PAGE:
Harold Hotelling was an economist in the 1930’s who wrote on a number of topics, but is known for his work in resource economics, and the eponymous Hotelling Rule. Writing in the Journal of Political Economy in 1931, Hotelling theorized that a rational producer of resources, say oil, would only be inclined to extract and sell that resource if the investment opportunities available with the capital proceeds were greater than simply leaving that resource to appreciate in the ground. Sounds reasonable, yes? But it’s not clear that the world–at least in the case of oil producers–has operated this way.
What, for example, did Britain exactly do with 30 years of oil revenues from the North Sea? Did Britain reinvest the proceeds in productive assets? What about all the oil that Britain sold before the era of high prices finally arrived? And how about Indonesia, and Nigeria? While these questions are not easily answered, we do know that alot of the world’s oil was indeed sold too cheaply. And that is why Brazil, with its sea change in resources policy announced this month, is signalling that a new era of oil production is underway.
Why should an owner of oil produce and sell that precious resource as quickly, and as efficiently as possible–to a foreign buyer? To merely fulfill a theorist’s model of maximum efficiency? It will surely be amusing to watch many observers try to rinse this policy through the outdated filters of capitalism, socialism, or nationalism. On the contrary, scarcity rent is in its own separate class.
Brazil’s discovery of new reserves was “a passport to the future,” if handled properly, he (Lula) said. “We don’t have the right to take the money we’re going to get with this oil and waste it,” he said in his weekly radio address. “What we want… is to use this oil to make Brazil a wealthier country, to make it more developed.”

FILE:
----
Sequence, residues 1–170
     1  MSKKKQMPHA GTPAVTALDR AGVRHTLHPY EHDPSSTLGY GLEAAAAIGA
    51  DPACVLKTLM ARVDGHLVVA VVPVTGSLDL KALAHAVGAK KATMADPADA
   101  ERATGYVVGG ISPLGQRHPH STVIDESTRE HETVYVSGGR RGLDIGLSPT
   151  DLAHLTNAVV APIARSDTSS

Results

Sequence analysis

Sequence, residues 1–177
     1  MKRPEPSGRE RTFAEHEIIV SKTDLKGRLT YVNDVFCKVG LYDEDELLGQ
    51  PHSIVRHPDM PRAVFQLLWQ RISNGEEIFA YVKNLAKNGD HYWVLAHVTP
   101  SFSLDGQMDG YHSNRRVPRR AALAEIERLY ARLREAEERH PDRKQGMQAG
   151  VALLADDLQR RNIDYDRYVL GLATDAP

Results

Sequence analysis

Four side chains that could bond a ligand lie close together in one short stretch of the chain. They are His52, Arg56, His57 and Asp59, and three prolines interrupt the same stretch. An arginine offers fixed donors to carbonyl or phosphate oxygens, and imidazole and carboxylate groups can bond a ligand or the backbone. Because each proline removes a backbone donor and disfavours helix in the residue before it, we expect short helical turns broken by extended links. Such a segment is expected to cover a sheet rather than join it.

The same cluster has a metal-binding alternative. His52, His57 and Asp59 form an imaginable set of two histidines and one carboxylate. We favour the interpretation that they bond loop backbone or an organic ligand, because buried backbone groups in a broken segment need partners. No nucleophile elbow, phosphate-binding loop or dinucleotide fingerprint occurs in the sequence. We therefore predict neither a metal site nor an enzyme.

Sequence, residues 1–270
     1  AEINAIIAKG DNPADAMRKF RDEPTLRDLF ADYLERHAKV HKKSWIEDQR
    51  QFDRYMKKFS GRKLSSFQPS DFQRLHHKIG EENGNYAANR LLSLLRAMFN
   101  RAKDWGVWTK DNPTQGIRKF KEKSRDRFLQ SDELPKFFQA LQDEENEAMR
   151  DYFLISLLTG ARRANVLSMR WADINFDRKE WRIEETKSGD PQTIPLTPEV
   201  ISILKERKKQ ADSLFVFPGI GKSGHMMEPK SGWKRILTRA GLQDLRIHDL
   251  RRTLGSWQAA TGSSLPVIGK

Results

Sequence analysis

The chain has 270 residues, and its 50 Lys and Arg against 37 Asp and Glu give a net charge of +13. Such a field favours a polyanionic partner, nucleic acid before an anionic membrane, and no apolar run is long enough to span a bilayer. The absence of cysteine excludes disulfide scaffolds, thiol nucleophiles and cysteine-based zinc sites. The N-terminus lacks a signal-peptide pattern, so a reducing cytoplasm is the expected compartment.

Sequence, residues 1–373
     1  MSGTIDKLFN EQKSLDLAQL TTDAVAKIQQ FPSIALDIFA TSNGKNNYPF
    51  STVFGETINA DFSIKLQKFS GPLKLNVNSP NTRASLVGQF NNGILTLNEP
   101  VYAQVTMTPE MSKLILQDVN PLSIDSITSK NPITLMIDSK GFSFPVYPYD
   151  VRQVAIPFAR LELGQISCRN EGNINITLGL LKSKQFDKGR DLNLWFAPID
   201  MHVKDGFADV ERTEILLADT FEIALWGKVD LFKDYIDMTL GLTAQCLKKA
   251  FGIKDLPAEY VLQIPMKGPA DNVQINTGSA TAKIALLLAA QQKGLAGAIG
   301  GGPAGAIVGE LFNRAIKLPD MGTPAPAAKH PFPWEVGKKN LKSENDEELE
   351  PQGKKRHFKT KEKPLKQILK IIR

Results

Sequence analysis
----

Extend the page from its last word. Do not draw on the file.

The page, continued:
I’m sure some will claim this move by Lula is nothing more than an ill-fated attempt at resource nationalism. Or, others will warn that Brazil doesn’t have the capital required to efficiently develop the offshore reserves, and the result will be a slower extraction of the oil. Well frankly, I think that’s partially the point. After all, Brazil is not dysfunctional like Nigeria, or Venezuela. This is not a destruction of resources through either neglect, or ideology.
In the Spring of this year, a very good panel discussion took place at the Milken Conference in Los Angeles on the topic of oil and oil security (Hahn, Herbert, Lovins, Nyquist). One of the panelists referenced Harold Hotelling, and I think correctly pointed out that his theory “had never fully arrived” among the world’s oil producers. Given the clarity and the stated intention behind this new policy, I’d say Hotelling is now arriving in Brasilia.